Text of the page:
Martial Arts, Monks and Monasticism

As it appears in the campaign world of Tolrea, the monk class of the Dungeons and Dragons v.3.5 Core Rules might be described more precisely as a class for unarmed martial artists. Not all monks of the kind who inhabit monasteries are members of the monk class, and not all members of the monk class are monastic in character.

Temple Styles

Mastery in the temple styles often requires training as a cleric or paladin, since they were developed by and for the clergy of the Celestial Court. Many of these styles are characterized by their requirement that their students learn to channel positive or negative energy or infuse divine magic into their attacks. Practitioners of the temple schools are almost always part of an order of fighting monks or friars trained to serve their churches as templars, spies, or champions against the enemies of the faith.

Sectarian Styles

The martial art forms pioneered by the druids of the Aureshan Empire are part of a long and rich tradition. Rife with conflict between the Imperial government and the stern and secretive druidic abbots whose power often stretched across vast swathes of the countryside throughout the Imperial provinces, the history of sectarian martial arts is half-obscured by a veil of druidic uprisings, Imperial suppressions at the hands of the legions, and violent disputes between rival sects.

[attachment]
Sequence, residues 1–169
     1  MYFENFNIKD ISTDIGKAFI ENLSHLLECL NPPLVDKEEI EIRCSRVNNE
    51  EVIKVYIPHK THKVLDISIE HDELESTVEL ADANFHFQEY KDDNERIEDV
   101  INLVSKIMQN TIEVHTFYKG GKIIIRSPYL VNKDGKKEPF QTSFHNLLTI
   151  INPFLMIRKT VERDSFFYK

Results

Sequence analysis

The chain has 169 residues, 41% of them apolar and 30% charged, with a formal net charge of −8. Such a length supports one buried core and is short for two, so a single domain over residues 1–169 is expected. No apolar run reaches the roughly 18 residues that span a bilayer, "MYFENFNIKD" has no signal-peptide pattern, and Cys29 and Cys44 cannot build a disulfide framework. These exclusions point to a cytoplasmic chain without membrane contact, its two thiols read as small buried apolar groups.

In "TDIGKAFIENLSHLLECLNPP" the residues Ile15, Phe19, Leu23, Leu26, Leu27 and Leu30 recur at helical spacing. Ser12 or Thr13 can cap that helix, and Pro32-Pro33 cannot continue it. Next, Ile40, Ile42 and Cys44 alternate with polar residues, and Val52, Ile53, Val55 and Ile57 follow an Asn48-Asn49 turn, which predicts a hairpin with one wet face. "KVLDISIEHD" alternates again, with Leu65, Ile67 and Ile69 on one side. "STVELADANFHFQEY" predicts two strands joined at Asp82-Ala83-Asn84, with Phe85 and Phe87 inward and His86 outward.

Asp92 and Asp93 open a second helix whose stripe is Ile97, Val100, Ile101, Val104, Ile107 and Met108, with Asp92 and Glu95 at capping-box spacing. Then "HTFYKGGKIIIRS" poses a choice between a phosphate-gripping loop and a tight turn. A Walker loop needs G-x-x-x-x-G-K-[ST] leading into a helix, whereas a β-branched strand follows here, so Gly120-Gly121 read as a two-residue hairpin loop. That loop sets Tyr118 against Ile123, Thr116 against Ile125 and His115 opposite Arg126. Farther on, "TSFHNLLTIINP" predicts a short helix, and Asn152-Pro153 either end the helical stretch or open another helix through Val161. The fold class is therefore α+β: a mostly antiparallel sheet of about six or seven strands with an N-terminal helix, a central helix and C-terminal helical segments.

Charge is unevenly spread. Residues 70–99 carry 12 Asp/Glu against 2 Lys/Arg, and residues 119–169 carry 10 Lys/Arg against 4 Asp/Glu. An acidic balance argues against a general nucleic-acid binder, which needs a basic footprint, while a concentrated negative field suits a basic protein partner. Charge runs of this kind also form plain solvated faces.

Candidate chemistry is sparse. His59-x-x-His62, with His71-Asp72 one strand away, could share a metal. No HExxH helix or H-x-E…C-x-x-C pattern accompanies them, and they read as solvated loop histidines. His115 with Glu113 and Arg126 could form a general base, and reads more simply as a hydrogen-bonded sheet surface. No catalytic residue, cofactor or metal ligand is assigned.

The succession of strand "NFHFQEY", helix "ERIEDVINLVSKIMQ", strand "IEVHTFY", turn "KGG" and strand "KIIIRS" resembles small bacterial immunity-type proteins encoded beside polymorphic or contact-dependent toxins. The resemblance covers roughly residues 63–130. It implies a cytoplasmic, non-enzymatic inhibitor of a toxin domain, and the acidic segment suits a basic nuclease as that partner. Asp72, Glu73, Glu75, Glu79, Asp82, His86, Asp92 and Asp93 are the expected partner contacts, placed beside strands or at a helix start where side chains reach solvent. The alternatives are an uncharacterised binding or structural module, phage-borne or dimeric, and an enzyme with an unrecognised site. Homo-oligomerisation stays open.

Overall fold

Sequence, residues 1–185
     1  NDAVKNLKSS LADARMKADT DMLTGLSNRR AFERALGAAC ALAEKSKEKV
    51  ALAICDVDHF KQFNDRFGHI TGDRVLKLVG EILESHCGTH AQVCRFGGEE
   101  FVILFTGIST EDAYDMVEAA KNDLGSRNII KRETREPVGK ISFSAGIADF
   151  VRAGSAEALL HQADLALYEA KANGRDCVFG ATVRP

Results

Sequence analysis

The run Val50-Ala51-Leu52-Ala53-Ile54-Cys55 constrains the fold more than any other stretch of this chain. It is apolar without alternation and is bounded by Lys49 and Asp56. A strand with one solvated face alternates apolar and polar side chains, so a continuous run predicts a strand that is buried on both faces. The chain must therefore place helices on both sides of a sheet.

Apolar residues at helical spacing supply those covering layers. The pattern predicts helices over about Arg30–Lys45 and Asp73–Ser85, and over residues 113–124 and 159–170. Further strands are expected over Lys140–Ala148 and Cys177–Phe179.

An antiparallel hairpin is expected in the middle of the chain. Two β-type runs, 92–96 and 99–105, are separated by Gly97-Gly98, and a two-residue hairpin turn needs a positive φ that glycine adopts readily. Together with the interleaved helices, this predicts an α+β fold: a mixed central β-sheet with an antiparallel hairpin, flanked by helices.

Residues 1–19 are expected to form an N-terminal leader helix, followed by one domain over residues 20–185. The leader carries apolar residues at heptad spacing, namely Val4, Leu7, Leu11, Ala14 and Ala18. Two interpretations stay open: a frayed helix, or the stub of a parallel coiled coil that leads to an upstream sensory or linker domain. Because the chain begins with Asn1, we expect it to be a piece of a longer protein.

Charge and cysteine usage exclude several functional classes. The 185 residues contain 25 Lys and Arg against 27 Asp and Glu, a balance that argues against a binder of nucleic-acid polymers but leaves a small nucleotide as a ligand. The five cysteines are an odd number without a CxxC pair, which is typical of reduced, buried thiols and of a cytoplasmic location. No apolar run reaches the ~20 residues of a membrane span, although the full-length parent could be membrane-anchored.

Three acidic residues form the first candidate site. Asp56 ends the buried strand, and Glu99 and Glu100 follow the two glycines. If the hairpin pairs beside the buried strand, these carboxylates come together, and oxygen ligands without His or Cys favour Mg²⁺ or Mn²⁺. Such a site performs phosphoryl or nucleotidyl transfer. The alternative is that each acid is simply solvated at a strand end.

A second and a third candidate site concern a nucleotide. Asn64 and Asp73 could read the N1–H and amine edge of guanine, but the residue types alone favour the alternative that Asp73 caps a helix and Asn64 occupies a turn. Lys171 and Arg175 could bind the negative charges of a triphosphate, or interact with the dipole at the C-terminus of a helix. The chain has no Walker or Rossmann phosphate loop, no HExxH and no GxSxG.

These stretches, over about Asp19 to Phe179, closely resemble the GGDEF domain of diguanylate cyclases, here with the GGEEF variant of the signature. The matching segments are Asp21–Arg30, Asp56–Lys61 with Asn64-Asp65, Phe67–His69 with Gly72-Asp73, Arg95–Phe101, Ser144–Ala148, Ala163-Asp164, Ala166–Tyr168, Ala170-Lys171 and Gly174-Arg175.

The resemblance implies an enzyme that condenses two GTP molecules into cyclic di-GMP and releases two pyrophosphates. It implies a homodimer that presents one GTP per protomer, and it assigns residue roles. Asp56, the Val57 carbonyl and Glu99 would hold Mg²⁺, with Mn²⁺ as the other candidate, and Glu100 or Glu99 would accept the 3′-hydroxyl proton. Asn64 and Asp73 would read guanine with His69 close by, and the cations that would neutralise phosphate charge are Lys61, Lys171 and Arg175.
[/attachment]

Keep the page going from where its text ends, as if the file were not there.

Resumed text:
Martial Arts Styles

The pursuit of martial arts training according to school or style confers benefits unavailable to those afforded simply by taking levels in the monk class and choosing feats according to one's own plans. Characters master a style when they possess all of the listed prerequisites. For some styles, this amounts to no more than gaining every entry on a list of feats; for others it is necessary to multiclass in order to fulfill a requirement calling for access to spells or to a specific class ability.

Beyond Monks: The Art of the Fight

Review of "Beyond Monks: The Art of the Fight"

Martial Arts seem to be a tricky thing to really include in standard D&D. While the monks unarmed attacks and flurry of blows represent all the martial arts, with some tripping and grappling thrown in for good measure, it doesn’t really capture the ‘feel’ of a wuxia inspired movie. On the other hand, players may wish to play an unarmed warrior without all the ‘spiritual’ trappings of the monk. The standard rules don’t really allow for that. An ‘unarmed fighter’ even with all the unarmed feats, will never deal more than 1d4 base damage (and that includes Improved Natural Attack). Beyond Monks: The Art of the Fight, attempts to redress these issues with the core rules.

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